New Hampshire Governor John Lynch on
Tuesday reiterated his opposition to a bill which would repeal the
state's 2-year-old gay marriage law.
The Democratic Lynch vowed to veto the
bill during his annual State of the State address.
“New Hampshire has a long and proud
tradition of fighting for the rights of all of our people and a
tradition of leaving people alone to pursue their own happiness,”
he said. “As Governor, I intended to uphold that centurys old
tradition and I will stand firm against any legislation that will
strip any of our citizens of their civil rights.” (The video is
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Lynch's pledge comes as House
Republican leaders prepare for a Wednesday vote on Rep. David Bates'
bill, which seeks to replace marriage with civil unions for any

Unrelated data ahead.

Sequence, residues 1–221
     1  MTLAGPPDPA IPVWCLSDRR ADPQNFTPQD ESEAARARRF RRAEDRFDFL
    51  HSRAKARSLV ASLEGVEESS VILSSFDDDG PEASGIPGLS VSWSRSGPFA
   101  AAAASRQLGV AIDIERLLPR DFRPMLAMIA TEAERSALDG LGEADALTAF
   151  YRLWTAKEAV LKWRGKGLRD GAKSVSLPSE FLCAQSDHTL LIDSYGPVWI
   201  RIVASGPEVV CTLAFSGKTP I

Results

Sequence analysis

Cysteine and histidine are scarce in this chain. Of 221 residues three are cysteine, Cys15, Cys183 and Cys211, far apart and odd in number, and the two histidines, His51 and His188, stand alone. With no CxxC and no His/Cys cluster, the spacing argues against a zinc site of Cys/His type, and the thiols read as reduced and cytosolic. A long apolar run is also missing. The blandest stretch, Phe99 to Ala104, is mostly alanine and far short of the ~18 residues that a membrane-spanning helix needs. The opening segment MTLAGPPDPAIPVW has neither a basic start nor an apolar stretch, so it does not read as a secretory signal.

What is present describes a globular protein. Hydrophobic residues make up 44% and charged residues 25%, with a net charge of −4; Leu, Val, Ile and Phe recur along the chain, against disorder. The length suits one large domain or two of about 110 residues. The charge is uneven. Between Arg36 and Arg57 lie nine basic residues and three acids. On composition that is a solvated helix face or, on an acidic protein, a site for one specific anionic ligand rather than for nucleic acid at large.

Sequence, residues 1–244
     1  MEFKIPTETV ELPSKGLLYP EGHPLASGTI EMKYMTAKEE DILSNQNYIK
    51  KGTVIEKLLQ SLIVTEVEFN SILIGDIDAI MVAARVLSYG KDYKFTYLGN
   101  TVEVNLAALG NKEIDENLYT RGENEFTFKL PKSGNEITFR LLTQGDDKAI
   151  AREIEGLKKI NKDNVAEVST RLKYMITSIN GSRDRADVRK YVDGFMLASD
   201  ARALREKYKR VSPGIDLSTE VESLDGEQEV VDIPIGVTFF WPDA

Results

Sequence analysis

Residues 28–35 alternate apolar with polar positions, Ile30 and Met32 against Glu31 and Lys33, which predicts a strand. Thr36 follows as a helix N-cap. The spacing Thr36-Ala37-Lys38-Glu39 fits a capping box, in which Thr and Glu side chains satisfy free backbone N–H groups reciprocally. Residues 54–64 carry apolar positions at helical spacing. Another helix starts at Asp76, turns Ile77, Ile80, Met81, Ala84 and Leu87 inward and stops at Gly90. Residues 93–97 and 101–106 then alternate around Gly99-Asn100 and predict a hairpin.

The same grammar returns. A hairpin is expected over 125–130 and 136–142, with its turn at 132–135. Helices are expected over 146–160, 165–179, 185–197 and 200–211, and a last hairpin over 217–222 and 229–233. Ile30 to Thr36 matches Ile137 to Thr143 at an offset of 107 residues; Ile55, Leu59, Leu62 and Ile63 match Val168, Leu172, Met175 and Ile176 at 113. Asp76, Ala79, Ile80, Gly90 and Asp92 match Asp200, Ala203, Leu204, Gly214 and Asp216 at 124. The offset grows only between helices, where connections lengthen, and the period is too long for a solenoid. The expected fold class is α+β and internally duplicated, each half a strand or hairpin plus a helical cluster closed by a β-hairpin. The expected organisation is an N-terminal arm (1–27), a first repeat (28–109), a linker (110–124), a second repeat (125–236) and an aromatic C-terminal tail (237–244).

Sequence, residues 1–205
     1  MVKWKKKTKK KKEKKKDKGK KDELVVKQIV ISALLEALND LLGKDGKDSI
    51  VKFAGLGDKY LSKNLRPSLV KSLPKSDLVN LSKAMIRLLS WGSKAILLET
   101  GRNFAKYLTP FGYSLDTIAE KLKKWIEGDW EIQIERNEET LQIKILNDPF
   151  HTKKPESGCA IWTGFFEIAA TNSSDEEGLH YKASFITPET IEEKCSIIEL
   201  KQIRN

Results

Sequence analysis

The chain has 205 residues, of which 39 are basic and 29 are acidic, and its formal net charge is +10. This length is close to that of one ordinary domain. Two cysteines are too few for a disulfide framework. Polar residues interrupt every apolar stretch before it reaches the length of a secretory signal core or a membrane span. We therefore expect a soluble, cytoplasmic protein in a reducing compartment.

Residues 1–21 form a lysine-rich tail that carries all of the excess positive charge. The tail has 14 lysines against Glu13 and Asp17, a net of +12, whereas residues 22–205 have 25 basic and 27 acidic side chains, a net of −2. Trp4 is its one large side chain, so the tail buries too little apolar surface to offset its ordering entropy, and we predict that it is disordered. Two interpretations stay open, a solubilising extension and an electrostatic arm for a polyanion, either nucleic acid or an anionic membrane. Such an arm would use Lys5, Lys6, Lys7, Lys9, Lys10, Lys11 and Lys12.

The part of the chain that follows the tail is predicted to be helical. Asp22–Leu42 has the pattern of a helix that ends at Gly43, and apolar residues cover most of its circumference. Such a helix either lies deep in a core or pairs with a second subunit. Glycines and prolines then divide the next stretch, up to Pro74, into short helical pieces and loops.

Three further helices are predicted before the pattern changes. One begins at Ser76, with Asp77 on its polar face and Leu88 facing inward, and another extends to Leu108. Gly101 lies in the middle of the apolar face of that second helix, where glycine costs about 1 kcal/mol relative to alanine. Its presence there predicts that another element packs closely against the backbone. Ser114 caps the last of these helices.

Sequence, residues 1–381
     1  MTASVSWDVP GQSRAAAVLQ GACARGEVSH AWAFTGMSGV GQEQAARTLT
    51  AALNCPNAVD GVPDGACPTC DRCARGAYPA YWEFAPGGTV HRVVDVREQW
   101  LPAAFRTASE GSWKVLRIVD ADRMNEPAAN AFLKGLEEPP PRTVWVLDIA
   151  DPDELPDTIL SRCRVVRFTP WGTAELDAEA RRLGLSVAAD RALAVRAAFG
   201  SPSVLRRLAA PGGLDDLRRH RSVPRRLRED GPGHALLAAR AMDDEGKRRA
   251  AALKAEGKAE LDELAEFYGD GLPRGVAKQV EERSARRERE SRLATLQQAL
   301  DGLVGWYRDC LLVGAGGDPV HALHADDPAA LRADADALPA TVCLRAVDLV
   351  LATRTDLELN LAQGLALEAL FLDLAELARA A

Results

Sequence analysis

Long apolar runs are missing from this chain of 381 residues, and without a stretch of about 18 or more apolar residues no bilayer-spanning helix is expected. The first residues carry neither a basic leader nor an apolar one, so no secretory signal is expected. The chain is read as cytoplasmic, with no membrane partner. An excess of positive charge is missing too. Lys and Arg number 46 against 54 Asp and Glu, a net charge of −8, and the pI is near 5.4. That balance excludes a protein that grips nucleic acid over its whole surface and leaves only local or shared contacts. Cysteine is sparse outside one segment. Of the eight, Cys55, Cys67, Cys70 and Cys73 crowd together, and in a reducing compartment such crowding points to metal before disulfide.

unmarried adults, including relatives, and would allow anyone to
refuse to recognize such unions.
While Republicans control both the
House and Senate, a two-thirds majority is needed to override Lynch's
Several libertarian-leaning Republicans
have said repeal runs counter to their ideology. On Sunday,
Republican Rep. Seth Cohn said he does not believe there is
sufficient support to get around the governor.
“I know for a fact, based on people
I've talked to, that if Gov. Lynch vetoes it, that veto is not
override-able,” Cohn told the Concord
An October survey found few New
Hampshire voters (27%) in favor of repeal.
Roughly 2,000 gay and lesbian couples
have married since the law took effect.